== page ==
It’s always odd when you accidentally read two books back to back that feel paired in a way you had never intended. That happened to me when I read poet Yrsa Daley-Ward’s memoir The Terrible, immediately followed by Leila Slimani’s newly translated novel Adèle.
Both of these books are about women in a sort of shame spiral, and both relate their struggles in visceral detail, so I do not recommend following my example and pairing these books. They can make you feel bleak. I do, however, recommend both of these books.
Adèle is a newly translated book from the author of The Perfect Nanny, which The New York Times selected as one of the ten best books of 2018 (you can find my review here). Like The Perfect Nanny, Adèle reads like a psychological thriller even though it isn’t–at least not strictly speaking. You can probably guess that it’s about a woman named Adèle, she is a journalist living in Paris with a husband who is a successful surgeon and a young son.
Leila Slimani refuses to diagnose Adèle in the reading guide at the end of the book, opting to let her reader make up their own minds about what she is going through, however, it feels apparent that Adèle is suffering from a variety of addictive compulsions that have her life spiraling out of control. The primary one is sex addiction. She frequently drops everything to meet someone or pick someone up and she can’t feel satisfied until she has, let’s say, scratched the itch. This is compounded by a sort of risk addiction, a profound and self-destructive depression, and compulsive lying.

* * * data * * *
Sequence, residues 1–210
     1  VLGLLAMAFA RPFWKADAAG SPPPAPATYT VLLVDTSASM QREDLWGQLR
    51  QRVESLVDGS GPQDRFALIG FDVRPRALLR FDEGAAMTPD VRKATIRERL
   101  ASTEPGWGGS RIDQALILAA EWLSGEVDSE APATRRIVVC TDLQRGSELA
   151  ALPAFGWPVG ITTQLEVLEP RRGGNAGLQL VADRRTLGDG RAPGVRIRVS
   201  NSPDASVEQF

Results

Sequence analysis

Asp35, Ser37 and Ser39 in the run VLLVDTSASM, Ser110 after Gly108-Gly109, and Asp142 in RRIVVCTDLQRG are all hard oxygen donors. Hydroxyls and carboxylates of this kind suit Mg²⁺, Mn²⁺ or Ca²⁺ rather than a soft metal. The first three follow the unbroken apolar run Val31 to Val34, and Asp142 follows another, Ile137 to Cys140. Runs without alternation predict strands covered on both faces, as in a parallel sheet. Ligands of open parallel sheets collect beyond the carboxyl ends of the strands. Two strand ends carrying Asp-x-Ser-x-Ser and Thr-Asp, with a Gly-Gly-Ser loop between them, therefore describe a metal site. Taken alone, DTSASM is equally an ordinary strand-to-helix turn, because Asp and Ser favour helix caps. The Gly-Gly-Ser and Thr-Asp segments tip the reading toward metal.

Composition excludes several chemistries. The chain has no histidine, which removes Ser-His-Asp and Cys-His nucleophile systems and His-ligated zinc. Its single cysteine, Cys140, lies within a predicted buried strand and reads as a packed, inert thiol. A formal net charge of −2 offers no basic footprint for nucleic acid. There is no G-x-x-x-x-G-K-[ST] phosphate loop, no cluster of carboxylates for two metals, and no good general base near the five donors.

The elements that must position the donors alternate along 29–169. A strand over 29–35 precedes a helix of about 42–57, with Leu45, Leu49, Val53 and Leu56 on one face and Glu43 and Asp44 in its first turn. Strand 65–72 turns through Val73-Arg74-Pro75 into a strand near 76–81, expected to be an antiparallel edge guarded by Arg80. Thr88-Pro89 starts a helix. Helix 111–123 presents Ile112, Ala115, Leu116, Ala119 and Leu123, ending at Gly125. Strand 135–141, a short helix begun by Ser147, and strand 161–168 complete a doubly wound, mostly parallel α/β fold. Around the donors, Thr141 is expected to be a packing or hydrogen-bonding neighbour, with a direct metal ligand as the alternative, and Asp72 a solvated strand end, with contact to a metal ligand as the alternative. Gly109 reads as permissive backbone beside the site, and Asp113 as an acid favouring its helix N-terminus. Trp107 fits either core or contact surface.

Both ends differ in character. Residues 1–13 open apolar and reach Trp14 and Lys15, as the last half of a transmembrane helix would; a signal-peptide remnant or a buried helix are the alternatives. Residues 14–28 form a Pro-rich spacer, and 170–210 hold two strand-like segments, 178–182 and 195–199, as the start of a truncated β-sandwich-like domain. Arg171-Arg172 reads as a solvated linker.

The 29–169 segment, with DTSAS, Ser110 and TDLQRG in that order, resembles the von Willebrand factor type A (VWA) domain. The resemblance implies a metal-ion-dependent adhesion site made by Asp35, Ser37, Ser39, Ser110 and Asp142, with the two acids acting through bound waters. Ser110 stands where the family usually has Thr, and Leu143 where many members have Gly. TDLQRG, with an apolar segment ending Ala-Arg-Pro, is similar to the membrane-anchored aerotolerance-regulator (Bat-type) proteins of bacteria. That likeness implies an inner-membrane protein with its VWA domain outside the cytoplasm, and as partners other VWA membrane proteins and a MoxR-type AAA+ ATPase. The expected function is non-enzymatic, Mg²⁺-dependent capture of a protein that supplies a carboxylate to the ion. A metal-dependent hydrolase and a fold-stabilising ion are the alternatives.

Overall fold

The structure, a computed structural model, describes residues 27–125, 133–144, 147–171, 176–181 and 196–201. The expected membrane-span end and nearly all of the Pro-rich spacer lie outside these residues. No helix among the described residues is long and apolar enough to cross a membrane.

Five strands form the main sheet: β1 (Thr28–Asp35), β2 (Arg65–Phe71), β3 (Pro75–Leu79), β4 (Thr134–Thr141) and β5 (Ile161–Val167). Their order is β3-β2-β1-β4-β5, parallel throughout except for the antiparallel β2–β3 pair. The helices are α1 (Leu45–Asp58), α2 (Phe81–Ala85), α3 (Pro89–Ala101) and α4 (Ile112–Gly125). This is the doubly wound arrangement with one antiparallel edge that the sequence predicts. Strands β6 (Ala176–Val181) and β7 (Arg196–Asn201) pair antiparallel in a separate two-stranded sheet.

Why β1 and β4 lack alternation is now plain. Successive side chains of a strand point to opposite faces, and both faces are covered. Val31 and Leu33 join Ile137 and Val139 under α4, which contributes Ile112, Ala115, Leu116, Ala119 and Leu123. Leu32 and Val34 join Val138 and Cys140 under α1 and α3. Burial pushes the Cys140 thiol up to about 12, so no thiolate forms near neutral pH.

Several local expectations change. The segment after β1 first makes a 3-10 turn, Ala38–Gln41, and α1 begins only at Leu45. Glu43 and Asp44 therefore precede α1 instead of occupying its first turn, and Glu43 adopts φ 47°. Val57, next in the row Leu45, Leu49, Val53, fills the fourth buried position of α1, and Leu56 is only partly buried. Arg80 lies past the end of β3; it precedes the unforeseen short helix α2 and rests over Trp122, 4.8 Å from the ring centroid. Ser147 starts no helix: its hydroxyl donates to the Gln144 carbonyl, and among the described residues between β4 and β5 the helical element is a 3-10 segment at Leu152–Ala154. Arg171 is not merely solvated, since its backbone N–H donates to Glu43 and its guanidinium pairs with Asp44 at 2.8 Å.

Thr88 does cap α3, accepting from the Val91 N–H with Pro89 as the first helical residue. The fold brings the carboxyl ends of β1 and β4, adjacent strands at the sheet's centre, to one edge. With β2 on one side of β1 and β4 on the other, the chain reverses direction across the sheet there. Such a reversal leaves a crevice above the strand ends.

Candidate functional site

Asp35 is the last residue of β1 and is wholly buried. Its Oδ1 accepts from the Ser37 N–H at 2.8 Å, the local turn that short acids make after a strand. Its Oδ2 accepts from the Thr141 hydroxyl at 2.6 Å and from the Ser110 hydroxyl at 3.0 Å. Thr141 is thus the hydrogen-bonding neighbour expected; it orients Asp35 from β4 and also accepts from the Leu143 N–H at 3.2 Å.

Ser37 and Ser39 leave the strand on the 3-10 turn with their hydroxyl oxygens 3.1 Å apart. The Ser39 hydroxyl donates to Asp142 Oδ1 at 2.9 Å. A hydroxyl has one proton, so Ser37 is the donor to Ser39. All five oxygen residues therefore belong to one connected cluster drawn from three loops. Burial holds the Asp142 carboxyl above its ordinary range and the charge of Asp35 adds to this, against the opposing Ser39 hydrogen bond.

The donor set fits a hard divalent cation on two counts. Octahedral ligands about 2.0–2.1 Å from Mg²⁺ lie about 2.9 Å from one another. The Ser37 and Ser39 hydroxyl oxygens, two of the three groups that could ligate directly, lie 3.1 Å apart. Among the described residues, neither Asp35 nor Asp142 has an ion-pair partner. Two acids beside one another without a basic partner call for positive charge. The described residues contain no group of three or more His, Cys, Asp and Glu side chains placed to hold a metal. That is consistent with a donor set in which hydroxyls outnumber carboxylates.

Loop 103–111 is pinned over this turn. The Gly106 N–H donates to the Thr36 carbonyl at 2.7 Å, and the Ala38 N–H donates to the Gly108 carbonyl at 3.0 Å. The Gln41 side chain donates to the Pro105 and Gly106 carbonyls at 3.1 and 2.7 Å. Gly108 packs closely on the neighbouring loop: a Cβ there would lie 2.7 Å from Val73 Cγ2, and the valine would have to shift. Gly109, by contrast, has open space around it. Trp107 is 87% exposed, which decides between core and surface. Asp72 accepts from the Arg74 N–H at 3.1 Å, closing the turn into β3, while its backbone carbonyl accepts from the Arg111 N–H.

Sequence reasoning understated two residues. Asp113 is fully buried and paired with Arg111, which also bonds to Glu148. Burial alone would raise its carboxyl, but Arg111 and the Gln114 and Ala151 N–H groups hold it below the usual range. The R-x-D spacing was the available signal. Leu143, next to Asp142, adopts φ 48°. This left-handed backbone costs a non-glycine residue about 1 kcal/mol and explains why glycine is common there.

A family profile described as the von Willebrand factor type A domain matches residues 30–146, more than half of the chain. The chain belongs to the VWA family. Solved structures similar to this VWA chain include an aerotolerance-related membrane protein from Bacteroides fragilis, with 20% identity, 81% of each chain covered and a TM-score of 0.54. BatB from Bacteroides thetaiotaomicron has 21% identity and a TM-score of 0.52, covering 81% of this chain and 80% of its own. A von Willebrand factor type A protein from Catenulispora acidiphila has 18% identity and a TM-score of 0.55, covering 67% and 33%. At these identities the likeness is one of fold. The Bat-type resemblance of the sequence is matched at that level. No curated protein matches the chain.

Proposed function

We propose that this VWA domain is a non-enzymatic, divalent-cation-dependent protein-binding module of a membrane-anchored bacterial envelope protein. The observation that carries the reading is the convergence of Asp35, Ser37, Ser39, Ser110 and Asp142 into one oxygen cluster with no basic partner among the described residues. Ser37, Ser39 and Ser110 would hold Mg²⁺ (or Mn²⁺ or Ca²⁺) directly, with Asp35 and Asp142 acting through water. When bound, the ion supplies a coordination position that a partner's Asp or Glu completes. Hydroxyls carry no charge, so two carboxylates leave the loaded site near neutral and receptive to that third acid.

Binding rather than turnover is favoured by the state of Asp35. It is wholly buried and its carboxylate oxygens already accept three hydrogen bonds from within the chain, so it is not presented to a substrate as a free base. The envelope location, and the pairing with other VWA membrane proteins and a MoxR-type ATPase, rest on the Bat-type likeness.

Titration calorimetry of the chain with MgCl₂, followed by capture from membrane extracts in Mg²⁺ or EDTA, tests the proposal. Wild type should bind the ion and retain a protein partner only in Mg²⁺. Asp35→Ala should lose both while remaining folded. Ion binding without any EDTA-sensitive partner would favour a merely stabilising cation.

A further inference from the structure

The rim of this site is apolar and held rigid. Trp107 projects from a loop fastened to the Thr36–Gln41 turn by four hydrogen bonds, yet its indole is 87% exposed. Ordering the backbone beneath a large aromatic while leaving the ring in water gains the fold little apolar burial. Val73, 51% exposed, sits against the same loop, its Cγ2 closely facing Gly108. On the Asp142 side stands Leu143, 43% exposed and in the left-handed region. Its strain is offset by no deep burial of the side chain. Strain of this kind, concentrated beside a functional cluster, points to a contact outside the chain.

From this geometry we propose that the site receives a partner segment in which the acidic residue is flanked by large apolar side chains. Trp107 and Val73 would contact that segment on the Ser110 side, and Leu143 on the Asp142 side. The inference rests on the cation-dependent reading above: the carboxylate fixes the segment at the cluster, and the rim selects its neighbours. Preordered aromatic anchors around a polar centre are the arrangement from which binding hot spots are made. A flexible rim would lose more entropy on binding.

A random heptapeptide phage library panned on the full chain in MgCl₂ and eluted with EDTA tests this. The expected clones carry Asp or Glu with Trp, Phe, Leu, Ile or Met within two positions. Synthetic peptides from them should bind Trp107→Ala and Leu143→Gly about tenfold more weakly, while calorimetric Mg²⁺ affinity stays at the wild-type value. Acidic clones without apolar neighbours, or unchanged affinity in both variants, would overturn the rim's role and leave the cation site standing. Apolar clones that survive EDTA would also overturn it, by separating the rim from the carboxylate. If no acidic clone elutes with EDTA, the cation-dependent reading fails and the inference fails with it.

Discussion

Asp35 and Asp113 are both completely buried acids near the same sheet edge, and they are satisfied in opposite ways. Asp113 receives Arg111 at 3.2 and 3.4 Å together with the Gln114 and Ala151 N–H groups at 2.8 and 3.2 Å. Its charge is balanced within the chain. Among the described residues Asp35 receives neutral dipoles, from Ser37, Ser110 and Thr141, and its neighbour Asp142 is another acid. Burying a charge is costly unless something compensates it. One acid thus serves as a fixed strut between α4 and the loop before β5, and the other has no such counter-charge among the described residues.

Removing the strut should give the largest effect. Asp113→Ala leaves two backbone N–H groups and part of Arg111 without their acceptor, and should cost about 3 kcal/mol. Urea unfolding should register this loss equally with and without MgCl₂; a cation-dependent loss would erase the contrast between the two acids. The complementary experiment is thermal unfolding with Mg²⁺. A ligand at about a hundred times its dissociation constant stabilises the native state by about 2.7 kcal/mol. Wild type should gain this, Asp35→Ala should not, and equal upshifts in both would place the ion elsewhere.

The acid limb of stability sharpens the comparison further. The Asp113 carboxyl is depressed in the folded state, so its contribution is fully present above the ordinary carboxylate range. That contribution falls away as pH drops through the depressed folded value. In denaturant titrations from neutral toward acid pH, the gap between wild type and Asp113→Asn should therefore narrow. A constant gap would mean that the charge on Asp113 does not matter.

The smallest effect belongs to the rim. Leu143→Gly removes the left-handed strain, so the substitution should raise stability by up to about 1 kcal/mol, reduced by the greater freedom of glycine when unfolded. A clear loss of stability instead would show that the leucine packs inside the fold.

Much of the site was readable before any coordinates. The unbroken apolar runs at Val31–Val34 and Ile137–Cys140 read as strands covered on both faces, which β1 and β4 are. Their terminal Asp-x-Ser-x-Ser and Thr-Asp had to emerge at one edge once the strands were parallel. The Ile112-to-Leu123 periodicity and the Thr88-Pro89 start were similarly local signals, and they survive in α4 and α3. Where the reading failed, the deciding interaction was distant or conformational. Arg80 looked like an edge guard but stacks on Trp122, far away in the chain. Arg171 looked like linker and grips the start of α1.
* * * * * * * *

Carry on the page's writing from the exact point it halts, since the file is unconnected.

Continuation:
Slimani spares no details, so be warned if you have a tender stomach. Of the two books, I think Adèle sticks the landing better in that it has a more satisfying conclusion–but again, I highly recommend both. Slimani writes with an uncompromising urgency and with a depth so many writers are lacking.
Unlike Adèle, The Terrible is nonfiction. It’s Yrsa Daley-Ward’s memoir of her late childhood, teen years, and early adulthood–a time when she spiraled out of control and lost herself in drugs and alcohol. She also at least dabbled in sex work, and although it was not an addiction for her, it does add an additional parallel between the two books.
Being a poet, Daley-Ward writes with a fusion of prose and verse that works quite well. I struggle mightily with poetry, but I was deeply impressed by her skill with words. In fact, I couldn’t help but think to myself “I bet this is what James Frey was trying to do when he wrote A Million Little Pieces.” That sounds mean, but he’s a trash person so I’m okay with it. It’s also funny because the YA book I picked up next is trying to do the same format and failing, so I can’t take it seriously in the slightest. It’s refreshing to see it done right.
The format does, however, kind of keep the reader at arm’s length–and I don’t know if that would have bothered me if I hadn’t followed this book with Adèle, which urges the reader along in a way this one doesn’t. Neither book explains why its women are the way they are, but only The Terrible felt slight in this regard. Perhaps that’s because The Terrible also has a sort of abrupt ending that left me wanting more. I almost feel like I need to seek out interviews and other writings by Daley-Ward to find out what happened to her to get her to where she is now.
Both are powerful books written by women with a powerful talent for writing. I recommend both.